How to Vacation Without Your Kids Without Missing Them the Whole Time – Kveller
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How to Vacation Without Your Kids Without Missing Them the Whole Time

“I want to hug that couple’s baby. Is that weird?”

I asked my husband this as we are sat poolside at our condo last year in the Turks & Caicos. Little Man and Bun Bun were 9 months old at the time and were staying with Grandma and Grandpa and Auntie while we took some much needed R&R. I was thrilled to be away, but suddenly, here was this little blonde Austrian baby-man, a doppelganger for my Little Man, and all I wanted to do was scoop him up in my arms, give him belly kisses, and maybe even wipe his cute little nose boogies.

Yeah, that wouldn’t be weird.

Luke and I were lucky in that we got to do a good deal of traveling before we became parents to the twins. We slurped over-sized gelatos in Sorrento, walked on a glacier in Alaska, and lounged on a black sand beach in Hawaii. The concept of a getaway BT (before twins) meant taking a break from our jobs and the stress of city life. Nowadays, the thought of vacationing sans Little Man and Bun Bun seems like a blissful relief from our duties as servants.

Sure, I enjoyed the requisite pina coladas and the post card-perfect sunsets in Turks & Caicos. But I also spent a good deal of time missing Bun Bun and Little Man. Austrian Little Man was on vacation with his parents, and they had brought grandma along to help. Brilliant! Why hadn’t we thought of that? These good Austrian parents were making blissful memories by the pool while I was on my laptop with a weak internet connection, Skypeing a grainy outline of my son and daughter who by then had probably learned how to make themselves a bowl of Cheerios and forgotten all about me.

This year, we knew we needed at least a night away as husband and wife. Five nights in the Caribbean with helpers in tow sounded great in theory, but this time we opted for a shorter trip–one night away at the luxurious Stonover Farm in Lenox, MA. The location was super-convenient–less than a half-hour from grandma and grandpa’s so we could drop the twins and be a short car ride away when we wanted to get back.

Booking a trip is one thing; actually allowing yourself to enjoy it is another. Up until the moment we left for the B&B, I fretted that it was too much for my parents–or more specifically, my mother–to handle. (My dad tends to take a more supervisory role where grandchildren are concerned.) At the last second, with our bags packed and thoughts of getting naked and donning a complimentary terry cloth robe dancing through my mind, I decided that I would give the twins their baths to take one task off my mom’s plate. So at 4 in the afternoon, the twins were all jammied up for the night and we finally drove away and didn’t look back.

When we arrived at Stonover,

The owners Tom and Suky greeted us and showed us to our suite, which was peaceful and charming–you could actually hear birds chirping outside the window–but also had every modern amenity you could desire from a flat screen TV to a huge marble soaking tub (yes!). Luke and I have stayed at a lot of inns and B&Bs including one that had a crocheted cozy over the tiny cube of a television set. This place was definitely more our speed.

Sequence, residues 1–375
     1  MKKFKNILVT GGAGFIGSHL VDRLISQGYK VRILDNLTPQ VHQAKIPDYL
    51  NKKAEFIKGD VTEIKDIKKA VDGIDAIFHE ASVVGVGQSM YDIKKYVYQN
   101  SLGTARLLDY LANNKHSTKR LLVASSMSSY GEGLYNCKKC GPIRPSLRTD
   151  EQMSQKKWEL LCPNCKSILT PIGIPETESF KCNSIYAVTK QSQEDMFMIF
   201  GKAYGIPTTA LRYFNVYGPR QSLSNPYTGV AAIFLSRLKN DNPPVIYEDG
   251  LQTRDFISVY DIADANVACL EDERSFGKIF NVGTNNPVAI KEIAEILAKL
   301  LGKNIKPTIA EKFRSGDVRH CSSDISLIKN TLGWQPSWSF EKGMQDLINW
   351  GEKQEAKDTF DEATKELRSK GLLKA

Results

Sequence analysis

Normally it takes us three days to unwind when we’re on vacation. We didn’t have time for that so we accepted Tom’s offer of fine wine and even finer cheese and got down to the business of having some kid-free fun.

During our short stay, I tried to keep in mind the things I had learned from our last trip away from the twins including:

1. Stop imagining what the twins are doing/eating/saying. Because this trip was so short, I knew it made no sense to spend it thinking about the exact two people I needed a break from.

2. And conversely–don’t feel guilty talking about the twins. I know that lots of parenting magazines say that you should stick to non-baby topics on your date night, but Luke and I enjoy discussing Little Man and Bun Bun and laughing about the silly things they say and do. It’s not the only thing we talk about, but we do discuss them at length and they are one of our favorite topics.

3. We deserve this time together. Doing stuff together as a couple is important, and it’s important to make time for little trips like this (or even just date nights). Being together while parenting is NOT the same thing as being alone together!

4. Don’t feel pressure to make every moment romantical. Stonover, with its chirping birds and picturesque, Mallard-filled pond, looks like something out of a movie, but we know that this is real life and that it’s okay if one of us falls asleep by 10:30 while the other sits up watching
while eating coffee ice cream straight out of the container (something I never get anymore–two toddlers on caffeine is not something this twin mommy ever wants to experience.).

5. Go for luxury. In Turks & Caicos I chose an off-the-beaten path place thinking we’d go food shopping and cook our own meals like in the BT days. This time all I wanted was an amazing bathtub and for someone else to do the cooking.

In the morning, Tom made us his delicious goat cheese and mushroom omelettes and Suky gave us a tour of the grounds. Even though we’d told my mom we’d be home by 1 o’clock, by 10:30 a.m. we were pulling into their driveway, both of us eager to see our little guy and gal.

Did everything go smoothly? Well, not exactly. Apparently while I was lounging on 800 thread count sheets my little guy was throwing up in his crib. But you know what? Grandma handled it just fine. Hopefully it won’t be another 364 days before she agrees to watch them again because I’m already fantasizing about my next trip.

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